Legacy Killer: Could This Situation Undermine Your Estate?

If you are one of the 30 percent of Americans who have a will in place, you’re on the right track with your estate plan. Having a valid will gives the probate court, your personal representative (executor) and your heirs a clearer idea of your intentions after you pass.
A will is created to last. Most state laws dictate that legally valid wills don’t have expiration dates. Unfortunately, that’s a problem. We often have “set-it-and-forget-it” mindsets in these situations. Once in hand, we put documentation in a filing cabinet and never look at it again, or maybe lose track of it altogether!
Wills and estate plan documents that become out-of-date can become legacy killers. Is your will a bit stale? Have you read it, or updated it in the last five years? Ten years? Does your will reflect the most current list of heirs, or does it need to be updated due to family changes—such as births, deaths, adoptions, marriages or divorces?
The consequences of out-of-date documents are many to your heirs.
  • Old, out-of-date documentation could extend the time your estate is in probate, and potentially open your estate up to legal challenges. If your estate is delayed in probate, your spouse and heirs might have to wait months for much needed funds to pay off taxes, debts or funeral expenses.
  • If there are errors or ambiguities in your documents or will, will this cause heartbreaking conflict among family members or heirs when they try to determine your intentions? Don’t forget that they are likely grieving your loss during this process. You can avoid compounding any financial and family strife after your death by taking a couple of hours now to make the proper updates. You should also review any conditions that might be outlined in your will regarding your heirs. Do the conditions still apply? Are they relevant?
  • Another incredibly important type of documentation to keep up-to-date is the beneficiary listings on assets like life insurance, annuities, pensions, IRAs, 401(k)s or any accounts or property set up with payable-on-death (POD) or transfer-on-death (TOD) forms. Out-of-date beneficiary designations increase the possibility of assets headed to probate court, which potentially leads to assets ending up in the hands of people you never intended. If you have additions or subtractions to your extended or blended family, your assets could become the property of strangers—such as stepchildren from a previous marriage—or even those estranged from you.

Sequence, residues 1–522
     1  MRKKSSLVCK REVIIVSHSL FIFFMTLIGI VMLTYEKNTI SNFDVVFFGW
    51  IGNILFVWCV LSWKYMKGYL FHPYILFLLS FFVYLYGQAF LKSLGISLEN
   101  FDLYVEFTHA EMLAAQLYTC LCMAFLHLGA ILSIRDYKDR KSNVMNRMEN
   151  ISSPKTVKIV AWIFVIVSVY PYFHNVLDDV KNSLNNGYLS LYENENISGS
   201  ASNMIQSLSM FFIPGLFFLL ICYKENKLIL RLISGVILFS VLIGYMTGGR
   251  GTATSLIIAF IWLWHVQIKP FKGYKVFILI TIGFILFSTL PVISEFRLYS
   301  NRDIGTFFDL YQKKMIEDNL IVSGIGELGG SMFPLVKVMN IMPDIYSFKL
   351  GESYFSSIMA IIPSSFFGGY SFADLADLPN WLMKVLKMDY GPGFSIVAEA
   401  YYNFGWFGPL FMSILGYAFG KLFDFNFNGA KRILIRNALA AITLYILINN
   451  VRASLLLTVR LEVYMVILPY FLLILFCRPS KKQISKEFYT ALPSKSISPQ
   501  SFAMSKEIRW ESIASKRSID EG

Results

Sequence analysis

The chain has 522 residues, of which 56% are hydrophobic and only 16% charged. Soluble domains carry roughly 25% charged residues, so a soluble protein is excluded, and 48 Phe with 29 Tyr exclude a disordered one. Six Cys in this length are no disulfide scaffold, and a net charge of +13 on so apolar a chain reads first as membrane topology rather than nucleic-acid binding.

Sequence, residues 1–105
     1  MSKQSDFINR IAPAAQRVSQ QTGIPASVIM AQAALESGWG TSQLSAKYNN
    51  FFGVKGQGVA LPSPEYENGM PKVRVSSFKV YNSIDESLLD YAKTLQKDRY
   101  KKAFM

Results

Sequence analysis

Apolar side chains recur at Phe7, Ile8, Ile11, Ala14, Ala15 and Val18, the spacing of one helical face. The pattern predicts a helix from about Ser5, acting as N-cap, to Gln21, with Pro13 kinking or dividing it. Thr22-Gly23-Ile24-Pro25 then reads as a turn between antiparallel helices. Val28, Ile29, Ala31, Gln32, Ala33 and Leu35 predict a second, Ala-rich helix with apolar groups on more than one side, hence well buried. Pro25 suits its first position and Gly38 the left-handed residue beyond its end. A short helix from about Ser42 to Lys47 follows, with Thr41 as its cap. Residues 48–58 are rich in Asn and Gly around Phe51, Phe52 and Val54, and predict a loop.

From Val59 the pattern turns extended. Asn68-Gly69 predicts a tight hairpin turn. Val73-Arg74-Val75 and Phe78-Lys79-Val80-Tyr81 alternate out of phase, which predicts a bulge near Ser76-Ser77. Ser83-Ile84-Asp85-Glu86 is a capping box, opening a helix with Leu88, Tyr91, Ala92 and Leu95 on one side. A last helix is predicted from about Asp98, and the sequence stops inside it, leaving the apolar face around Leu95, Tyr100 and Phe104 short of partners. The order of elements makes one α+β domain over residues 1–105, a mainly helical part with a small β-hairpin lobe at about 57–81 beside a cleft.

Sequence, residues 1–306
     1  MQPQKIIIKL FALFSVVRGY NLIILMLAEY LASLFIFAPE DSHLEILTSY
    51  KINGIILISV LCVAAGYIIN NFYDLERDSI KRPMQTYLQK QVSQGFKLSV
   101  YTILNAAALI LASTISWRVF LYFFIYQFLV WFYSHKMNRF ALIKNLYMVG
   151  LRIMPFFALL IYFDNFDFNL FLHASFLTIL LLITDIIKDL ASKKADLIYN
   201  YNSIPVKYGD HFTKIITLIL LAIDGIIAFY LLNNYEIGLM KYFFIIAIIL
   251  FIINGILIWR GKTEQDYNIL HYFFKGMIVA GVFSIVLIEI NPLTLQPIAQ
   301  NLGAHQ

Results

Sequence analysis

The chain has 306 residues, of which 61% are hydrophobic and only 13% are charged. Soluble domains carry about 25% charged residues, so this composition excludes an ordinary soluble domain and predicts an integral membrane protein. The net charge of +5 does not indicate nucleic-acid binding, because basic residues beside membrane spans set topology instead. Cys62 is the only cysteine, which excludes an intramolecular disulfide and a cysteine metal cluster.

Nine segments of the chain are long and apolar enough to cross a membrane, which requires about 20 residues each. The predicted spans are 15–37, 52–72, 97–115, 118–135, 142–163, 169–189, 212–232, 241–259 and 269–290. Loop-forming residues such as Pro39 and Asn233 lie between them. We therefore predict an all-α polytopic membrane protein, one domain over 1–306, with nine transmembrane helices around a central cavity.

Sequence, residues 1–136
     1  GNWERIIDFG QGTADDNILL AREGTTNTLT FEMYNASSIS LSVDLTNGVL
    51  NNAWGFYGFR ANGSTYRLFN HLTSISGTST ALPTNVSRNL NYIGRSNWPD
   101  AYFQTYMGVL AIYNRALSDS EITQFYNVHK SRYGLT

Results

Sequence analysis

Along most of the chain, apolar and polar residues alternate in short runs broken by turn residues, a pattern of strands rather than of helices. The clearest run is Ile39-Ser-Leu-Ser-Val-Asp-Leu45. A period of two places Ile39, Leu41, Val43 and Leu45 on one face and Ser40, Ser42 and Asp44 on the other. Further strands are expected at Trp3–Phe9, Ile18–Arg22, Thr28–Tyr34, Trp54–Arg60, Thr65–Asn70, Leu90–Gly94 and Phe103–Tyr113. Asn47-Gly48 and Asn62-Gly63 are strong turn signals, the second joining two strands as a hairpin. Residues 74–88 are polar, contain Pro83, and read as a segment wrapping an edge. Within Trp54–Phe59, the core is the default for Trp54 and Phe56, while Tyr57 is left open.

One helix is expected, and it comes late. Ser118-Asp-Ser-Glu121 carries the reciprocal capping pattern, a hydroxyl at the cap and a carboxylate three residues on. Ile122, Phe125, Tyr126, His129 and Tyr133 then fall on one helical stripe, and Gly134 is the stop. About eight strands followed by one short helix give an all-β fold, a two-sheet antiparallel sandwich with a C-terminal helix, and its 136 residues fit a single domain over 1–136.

• Don’t let stale documents deflect your charitable giving dollars in unacceptable ways. If your old will contains charitable bequests, are those charities still in operation? Is the charity’s vision aligned with your charitable goals? Is it led by a board or leaders who uphold the original mission that inspired you to make the bequest? Is it possible your bequest no longer fills a relevant need, such as a gift to a capital campaign that has expired or charitable fund that has been depleted? You should also reconsider if charitable bequests in your will are the most tax-advantaged ways to give. (The Catholic United Financial Foundation has multiple giving methods that may be more beneficial to your current financial situation and the charity of your choice.)

There’s a simple defense against this legacy killer and it is to review your will and estate plan documentation every three years, and after every significant life event (birth, death, change in marriage status, major financial change, etc.).

If you need updates, get help from a financial professional like your Catholic United Financial Sales Representative. Certain documentation, such as a beneficiary update, does not require the help of an attorney, and can be changed with a simple form submission.

If you do need substantial estate revisions or want to start over with a new will, your local Sales Rep knows where to look to give you an accurate overview of what’s missing or out-of-date regarding your estate paperwork. An appointment with your rep before you meet with your lawyer can help you get prepared and organized so you spend less billable time at the law office.

The information provided is based on our understanding of the laws currently in effect. Neither Catholic United Financial nor the Catholic United Financial Foundation provides tax or legal advice. Consult your personal tax or legal advisor with questions about your specific situation.